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Why extreme rituals might benefit psychophysiological health

A new study shows two potential benefits of undergoing a painful ritual.
Key Takeaways
  • A new study examined peoples’ objective and subjective indicators of health before, during, and after a painful ritual.
  • The results showed that people who underwent the painful ritual reported a greater quality of life and subjective health improvements.
  • Painful rituals also seem to have a unique ability to produce “shared physiological alignment” within groups.

During the festival of Thaipusam, some Tamil Hindus will take on various physical burdens — or kavadis — as they make a pilgrimage to the temple of Lord Murugan, the god of war. It’s one of the world’s most extreme rituals, with some male participants mutilating their bodies with hooks, skewers, and other objects. But why would people put themselves through such physical pain?

A new study suggests one reason might be that painful rituals can improve health.

“When I was conducting fieldwork as a graduate student of anthropology, I was intrigued by some of the pronouncements of my informants,” study author Dimitris Xygalatas, an assistant professor of anthropology at the University of Connecticut, told PsyPost. “They described their participation in an exhausting fire-walking ritual as an experience of suffering, but at the same time also as a path to healing.”

“These claims are not uncommon in the anthropological literature. So, the intriguing part was that in various contexts, ritual activities that pose obvious health risks such as bodily injury, bleeding, or infection, may also be considered to have health benefits. Nonetheless, little research had been done on the topic, and my colleagues and I felt that we should investigate it.”

The study, published in Current Anthropology, examined 39 men from the town of Quatre Bornes in Mauritius, an island nation in the Indian Ocean. The researchers asked all of these men to wear portable monitoring devices that measured sleep efficiency, physical activity, and stress levels for three weekly periods before, during, and after a Thaipusam festival.

About half of the men mutilated their bodies during the festival, while the other half didn’t. The researchers then compared the stress, sleep, and physical activity levels from both groups. The results showed that the group who mutilated their bodies didn’t suffer any lasting pain or negative effects. In fact, this group self-reported greater quality of life and health improvements than men who didn’t participate in the piercing rituals.

Why? The researchers suggested two potential explanations: undergoing intense pain or physical sensations might trigger the body to release euphoria-inducing neurotransmitters, and intense rituals like these might encourage a sense of community and “increased social support and self-enhancement.”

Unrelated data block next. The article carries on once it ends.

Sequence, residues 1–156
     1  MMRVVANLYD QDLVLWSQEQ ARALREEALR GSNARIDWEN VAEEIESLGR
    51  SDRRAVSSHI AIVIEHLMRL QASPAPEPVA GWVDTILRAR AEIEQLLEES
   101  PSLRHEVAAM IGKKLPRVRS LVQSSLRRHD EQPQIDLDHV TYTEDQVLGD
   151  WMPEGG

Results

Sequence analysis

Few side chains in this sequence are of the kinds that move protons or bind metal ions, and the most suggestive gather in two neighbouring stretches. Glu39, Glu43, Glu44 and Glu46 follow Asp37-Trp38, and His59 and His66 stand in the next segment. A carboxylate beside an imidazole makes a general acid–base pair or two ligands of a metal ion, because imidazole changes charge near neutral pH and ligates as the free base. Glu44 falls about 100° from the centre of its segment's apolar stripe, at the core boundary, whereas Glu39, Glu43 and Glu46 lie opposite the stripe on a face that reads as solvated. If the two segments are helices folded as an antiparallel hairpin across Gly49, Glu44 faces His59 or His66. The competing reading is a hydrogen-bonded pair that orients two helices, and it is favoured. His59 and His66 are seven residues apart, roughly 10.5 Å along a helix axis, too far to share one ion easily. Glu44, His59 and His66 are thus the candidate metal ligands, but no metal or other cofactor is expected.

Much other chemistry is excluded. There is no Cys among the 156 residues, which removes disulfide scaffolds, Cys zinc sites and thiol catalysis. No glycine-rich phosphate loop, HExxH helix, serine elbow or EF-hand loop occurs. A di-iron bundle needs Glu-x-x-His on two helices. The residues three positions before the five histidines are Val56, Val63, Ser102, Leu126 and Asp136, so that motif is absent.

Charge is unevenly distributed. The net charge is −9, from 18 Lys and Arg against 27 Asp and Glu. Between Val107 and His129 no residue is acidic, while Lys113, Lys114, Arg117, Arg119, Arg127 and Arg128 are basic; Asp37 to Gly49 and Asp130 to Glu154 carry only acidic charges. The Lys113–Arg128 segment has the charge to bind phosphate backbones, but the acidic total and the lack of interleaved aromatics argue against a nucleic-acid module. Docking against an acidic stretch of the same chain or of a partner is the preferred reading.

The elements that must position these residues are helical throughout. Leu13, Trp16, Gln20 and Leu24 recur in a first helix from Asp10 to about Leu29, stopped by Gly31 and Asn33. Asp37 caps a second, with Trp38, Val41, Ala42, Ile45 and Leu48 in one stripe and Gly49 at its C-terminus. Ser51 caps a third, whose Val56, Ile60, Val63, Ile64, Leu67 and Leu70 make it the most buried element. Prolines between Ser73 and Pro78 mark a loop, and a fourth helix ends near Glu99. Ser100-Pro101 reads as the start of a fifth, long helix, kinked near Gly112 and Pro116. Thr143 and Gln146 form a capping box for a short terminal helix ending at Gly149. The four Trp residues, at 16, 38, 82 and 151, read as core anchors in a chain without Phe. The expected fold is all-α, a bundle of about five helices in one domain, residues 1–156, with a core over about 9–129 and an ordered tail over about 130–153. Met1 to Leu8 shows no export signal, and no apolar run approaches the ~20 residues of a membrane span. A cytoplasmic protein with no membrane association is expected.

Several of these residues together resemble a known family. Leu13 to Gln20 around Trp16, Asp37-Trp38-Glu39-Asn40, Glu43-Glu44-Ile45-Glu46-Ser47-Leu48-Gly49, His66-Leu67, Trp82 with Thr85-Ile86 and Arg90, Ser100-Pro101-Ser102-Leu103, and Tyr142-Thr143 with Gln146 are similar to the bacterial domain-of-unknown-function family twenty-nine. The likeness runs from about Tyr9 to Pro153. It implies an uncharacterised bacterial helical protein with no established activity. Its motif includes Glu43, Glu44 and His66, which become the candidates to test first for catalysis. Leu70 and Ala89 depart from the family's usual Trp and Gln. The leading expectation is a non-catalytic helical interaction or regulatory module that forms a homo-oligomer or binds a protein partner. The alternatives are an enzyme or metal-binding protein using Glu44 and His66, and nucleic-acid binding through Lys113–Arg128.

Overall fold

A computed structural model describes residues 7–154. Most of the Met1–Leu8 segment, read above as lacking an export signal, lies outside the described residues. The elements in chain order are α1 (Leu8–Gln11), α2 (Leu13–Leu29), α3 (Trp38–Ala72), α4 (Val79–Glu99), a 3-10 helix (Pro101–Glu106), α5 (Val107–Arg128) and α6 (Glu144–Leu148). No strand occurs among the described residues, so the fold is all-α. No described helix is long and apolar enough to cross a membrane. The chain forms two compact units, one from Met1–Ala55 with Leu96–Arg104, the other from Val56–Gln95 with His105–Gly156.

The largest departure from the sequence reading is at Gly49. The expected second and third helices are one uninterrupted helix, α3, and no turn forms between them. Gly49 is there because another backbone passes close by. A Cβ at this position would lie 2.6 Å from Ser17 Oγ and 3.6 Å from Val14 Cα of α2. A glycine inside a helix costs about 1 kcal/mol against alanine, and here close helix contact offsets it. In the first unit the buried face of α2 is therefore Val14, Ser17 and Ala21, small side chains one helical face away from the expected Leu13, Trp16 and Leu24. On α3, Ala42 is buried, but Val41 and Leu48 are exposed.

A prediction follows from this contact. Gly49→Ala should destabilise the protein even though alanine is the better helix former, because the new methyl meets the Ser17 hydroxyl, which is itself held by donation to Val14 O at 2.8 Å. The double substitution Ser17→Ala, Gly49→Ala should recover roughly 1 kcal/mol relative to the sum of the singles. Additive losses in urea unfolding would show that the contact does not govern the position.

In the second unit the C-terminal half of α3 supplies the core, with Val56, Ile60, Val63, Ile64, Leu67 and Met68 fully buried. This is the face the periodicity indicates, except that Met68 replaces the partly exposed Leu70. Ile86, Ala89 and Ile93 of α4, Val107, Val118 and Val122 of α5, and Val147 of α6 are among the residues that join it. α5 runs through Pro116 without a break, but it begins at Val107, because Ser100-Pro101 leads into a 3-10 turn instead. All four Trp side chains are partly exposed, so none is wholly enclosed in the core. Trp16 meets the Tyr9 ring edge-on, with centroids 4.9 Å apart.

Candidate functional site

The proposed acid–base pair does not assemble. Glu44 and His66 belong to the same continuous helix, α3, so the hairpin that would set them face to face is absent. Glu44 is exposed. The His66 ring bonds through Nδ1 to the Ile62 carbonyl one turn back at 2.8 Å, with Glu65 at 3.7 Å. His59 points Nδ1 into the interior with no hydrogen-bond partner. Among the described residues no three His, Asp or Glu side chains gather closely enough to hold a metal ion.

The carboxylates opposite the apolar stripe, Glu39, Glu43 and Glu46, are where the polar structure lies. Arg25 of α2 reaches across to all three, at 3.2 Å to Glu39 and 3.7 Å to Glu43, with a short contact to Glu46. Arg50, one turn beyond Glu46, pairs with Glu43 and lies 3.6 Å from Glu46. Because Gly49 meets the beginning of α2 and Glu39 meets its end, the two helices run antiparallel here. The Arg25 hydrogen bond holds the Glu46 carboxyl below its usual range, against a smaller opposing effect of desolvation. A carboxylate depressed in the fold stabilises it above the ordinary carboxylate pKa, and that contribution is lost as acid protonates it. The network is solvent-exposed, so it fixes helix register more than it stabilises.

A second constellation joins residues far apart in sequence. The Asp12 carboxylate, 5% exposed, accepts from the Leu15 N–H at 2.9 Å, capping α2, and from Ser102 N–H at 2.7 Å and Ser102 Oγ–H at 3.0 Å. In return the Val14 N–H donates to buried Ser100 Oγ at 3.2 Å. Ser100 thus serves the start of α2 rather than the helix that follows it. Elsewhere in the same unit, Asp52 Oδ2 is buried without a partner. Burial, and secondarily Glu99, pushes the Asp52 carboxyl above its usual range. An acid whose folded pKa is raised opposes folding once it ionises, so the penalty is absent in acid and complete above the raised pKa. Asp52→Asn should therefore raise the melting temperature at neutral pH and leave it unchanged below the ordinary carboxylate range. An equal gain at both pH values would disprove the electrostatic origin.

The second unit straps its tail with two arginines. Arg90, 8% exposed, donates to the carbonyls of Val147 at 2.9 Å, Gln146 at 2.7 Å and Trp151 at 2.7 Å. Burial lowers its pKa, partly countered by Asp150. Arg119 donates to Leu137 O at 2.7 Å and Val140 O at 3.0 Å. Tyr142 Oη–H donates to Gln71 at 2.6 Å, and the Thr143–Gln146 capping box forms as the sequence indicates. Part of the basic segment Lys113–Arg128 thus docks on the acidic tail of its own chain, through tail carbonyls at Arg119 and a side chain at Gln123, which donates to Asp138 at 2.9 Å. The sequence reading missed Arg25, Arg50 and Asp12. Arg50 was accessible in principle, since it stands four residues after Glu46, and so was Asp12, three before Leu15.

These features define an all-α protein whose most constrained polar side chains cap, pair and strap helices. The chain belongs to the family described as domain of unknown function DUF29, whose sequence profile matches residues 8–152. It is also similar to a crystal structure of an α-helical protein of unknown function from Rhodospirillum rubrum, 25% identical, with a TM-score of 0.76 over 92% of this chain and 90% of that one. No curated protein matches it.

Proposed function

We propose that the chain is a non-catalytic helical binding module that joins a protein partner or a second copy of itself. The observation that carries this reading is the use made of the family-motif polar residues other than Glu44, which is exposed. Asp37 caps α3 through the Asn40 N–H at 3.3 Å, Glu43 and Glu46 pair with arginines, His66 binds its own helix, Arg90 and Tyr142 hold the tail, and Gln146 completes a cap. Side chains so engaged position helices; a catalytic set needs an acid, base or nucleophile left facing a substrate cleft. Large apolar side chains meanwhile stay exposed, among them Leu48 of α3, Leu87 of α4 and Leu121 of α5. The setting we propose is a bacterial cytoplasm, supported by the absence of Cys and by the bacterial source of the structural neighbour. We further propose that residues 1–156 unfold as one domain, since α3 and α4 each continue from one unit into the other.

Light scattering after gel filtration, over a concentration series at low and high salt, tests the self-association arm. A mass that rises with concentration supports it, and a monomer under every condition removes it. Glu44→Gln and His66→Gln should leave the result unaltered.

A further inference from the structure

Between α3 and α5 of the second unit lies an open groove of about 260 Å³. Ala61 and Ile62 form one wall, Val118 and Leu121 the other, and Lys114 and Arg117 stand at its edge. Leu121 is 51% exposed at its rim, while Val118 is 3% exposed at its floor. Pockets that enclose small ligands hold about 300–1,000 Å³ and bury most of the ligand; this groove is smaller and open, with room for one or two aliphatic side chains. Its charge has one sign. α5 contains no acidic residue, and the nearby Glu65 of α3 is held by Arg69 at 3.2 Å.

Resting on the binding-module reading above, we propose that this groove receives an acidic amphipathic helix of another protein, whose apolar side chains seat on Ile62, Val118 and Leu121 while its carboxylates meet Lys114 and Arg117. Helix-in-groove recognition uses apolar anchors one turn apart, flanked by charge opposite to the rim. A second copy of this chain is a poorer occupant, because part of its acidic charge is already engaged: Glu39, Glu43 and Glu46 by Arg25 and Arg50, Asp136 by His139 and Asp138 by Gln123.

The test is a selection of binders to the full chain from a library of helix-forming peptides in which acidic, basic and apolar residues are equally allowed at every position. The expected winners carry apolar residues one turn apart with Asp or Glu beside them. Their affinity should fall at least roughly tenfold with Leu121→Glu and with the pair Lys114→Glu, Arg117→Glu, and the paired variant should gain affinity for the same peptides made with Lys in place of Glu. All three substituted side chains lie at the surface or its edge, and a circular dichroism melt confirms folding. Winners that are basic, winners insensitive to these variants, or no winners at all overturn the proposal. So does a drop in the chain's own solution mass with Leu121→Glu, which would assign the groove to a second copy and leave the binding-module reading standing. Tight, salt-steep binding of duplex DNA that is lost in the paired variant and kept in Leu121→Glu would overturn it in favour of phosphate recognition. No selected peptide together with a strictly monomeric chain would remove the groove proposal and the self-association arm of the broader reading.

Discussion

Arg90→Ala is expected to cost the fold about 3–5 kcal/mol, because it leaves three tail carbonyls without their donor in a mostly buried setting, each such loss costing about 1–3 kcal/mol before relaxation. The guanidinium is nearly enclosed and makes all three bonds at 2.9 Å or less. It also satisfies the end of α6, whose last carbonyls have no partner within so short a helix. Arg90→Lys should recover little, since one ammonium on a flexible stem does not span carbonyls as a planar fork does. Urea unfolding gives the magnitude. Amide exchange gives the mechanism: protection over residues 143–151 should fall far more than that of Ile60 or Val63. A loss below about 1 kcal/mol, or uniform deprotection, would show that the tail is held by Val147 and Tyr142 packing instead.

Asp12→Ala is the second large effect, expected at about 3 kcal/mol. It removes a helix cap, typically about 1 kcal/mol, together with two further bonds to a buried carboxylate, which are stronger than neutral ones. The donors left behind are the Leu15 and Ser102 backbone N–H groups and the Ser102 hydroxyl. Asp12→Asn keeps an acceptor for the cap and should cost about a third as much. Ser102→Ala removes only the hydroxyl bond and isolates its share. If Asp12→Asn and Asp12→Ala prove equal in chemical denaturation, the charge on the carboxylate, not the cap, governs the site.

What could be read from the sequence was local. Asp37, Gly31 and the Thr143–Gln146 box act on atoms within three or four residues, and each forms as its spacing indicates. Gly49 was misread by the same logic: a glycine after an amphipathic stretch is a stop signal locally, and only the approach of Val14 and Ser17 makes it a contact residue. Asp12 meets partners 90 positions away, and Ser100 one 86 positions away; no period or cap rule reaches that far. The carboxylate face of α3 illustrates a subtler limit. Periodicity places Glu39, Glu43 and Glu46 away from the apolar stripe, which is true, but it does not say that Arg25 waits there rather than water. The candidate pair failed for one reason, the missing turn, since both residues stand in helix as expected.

“We are often too quick to dismiss traditional practices as useless or even harmful, for example, in cases where they act as a distraction from medical attention. Those cases do exist. But in many contexts, these rituals can function as mechanisms of resilience, by boosting people’s sense of wellbeing and allowing them to integrate into a social support network,” Xygalatas told PsyPost. “After all, this is why these practices have survived for millennia, and in the face of modern trends towards secularization.”

It’s not the first time Xygalatas has researched the potential benefits of painful rituals. In 2008, he and his team studied the physiological responses of fire-walkers – and also their friends family in the audience – by using portable devices that attached to their bodies. The results showed that the fire-walkers’ heart rates were often dangerously high. But those results differed from the fire-walkers’ own experiences — they typically reported feeling “completely calm” while walking across the coals.

Even more interesting were the results suggesting that painful rituals can “produce shared physiological alignment” within groups.

“Once more, the results were stunning, revealing an astonishing level of synchrony in heart-rate activity, extending from fire-walkers to spectators of the event,” Xygalatas wrote for Aeon. “Indeed, when we mapped the social network of our subject pool, we saw that the degree of synchronicity was directly related to the level of social proximity. A fire-walker’s heart-rate patterns resembled those of his wife more than those of his friend, and those of his friend more than those of a stranger. In other words, the closer the social ties between two people, the more their heart rhythms were synchronised. This relation was so strong that we were able to predict people’s social distance simply by looking at the similarities between their heart-rate patterns.”


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